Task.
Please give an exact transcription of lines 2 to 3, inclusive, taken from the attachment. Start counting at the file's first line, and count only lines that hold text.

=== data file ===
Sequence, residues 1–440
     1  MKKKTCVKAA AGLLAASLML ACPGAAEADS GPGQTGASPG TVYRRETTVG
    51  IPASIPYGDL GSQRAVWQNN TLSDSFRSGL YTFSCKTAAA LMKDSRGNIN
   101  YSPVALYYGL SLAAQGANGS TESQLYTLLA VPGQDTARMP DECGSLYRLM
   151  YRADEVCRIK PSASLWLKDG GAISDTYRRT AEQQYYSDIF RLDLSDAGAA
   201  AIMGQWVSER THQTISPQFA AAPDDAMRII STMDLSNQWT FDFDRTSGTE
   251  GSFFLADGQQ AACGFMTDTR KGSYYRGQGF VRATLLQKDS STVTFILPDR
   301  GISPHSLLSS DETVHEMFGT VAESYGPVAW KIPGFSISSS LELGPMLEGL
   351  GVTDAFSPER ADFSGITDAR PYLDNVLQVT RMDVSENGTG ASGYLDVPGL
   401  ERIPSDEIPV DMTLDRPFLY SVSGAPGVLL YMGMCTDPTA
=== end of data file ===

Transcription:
     1  MKKKTCVKAA AGLLAASLML ACPGAAEADS GPGQTGASPG TVYRRETTVG
    51  IPASIPYGDL GSQRAVWQNN TLSDSFRSGL YTFSCKTAAA LMKDSRGNIN